Health Care System , Hospital & Frontliners Were Close To Collapse : Noor Hisham Projects 8,000 Daily Covid-19 Cases In March And 10 000 Before April 2021

The Health Ministry today warned that daily Covid-19 cases could hit 8,000 by mid-March if the basic reproduction number (R-nought or R0) of the virus infection increases to 1. 2.

Health director-general Tan Sri Dr Noor Hisham Abdullah on his official Twitter account posted two Susceptible-Exposed-Infective-Recovered (SEIR) epidemiological prediction models of the possible rate of infections in the country when the R0 is at 1.1 and 1.2.

“Attention to daily cases of Covid-19 and the expected projection of cases from 4 January to 31 May 2021 with R0 infection rates at 1.1 and 1.2 in Malaysia,” he said in addition to the two graphs using the different values.

According to the SEIR model, in the current scenario where R0 infection rate is at 1.1, daily cases would hit 3,000 during the second week of February.

If the R0 remains at 1.1 by the second week of April Malaysia will see 5,000 daily cases.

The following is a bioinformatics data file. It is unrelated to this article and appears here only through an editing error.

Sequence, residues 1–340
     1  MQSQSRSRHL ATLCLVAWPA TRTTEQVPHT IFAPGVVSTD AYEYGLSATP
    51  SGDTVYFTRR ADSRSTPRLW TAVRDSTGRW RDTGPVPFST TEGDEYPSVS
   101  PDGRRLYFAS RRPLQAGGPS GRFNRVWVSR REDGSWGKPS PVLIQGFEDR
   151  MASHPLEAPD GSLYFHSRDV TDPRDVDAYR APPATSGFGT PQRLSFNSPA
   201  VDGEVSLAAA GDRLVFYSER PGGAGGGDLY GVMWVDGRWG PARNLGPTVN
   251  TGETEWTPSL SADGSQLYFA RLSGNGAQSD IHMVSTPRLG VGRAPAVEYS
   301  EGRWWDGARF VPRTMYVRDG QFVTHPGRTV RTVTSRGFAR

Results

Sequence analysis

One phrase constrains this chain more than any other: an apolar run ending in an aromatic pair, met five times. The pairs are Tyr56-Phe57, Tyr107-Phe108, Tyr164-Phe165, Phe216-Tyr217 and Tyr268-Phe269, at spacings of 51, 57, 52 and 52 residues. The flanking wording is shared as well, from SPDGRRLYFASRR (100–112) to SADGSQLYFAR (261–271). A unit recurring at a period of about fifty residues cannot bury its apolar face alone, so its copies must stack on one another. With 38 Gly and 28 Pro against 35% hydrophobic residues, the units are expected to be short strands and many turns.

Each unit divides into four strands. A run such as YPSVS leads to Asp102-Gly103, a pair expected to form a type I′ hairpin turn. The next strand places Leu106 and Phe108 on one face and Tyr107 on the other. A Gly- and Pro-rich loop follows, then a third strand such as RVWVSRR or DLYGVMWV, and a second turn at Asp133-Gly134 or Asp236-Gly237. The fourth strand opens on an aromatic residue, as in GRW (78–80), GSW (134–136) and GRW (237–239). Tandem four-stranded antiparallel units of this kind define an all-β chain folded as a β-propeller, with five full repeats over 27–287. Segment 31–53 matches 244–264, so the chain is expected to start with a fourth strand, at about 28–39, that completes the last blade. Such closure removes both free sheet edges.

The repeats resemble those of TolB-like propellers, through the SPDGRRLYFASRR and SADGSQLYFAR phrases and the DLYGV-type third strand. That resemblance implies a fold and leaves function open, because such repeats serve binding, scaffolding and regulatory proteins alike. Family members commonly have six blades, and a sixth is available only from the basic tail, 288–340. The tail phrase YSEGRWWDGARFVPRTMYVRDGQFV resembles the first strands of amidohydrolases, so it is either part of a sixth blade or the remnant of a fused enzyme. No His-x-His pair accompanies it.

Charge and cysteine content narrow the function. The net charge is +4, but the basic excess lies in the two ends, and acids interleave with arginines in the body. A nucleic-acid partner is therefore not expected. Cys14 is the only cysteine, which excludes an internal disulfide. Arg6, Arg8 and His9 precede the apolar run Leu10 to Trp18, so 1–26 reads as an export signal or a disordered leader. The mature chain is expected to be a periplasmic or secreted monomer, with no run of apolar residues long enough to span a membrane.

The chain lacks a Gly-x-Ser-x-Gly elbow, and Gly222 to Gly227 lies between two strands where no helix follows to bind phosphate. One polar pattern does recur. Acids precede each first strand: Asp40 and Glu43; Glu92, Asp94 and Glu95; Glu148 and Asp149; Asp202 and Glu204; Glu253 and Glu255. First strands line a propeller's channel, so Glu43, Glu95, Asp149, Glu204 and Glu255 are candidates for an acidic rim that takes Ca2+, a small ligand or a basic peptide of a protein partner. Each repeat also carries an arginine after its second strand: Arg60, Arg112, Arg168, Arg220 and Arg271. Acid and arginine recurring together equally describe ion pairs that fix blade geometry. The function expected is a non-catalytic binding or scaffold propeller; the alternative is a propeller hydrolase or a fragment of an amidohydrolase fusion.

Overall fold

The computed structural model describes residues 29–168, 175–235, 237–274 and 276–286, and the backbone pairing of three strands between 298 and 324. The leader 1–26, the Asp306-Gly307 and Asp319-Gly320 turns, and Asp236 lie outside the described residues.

Dr Noor Hisham also posted a second SEIR model with the infection rate at 1.2 — where Malaysia can potentially record 8,000 daily cases by the third week of March.

The graph only goes to a maximum of 10,000 cases, which Malaysia would hit before April.

Yesterday Dr Noor Hisham said R0 in Malaysia has increased back to 1.1 and added that authorities’ target to bring down the R0 to 0.5 has not been achieved yet.

He pointed out that authorities are concerned that the current trend has continuously shown in recent weeks that the cases are increasing.

He said the ministry needs to relook at the strategies that have been implemented since October 14.

R-nought of below 1.0 is necessary to prevent the growth of new infections.

On November 10, the R-nought of Covid-19 infections in Malaysia was under 1.0.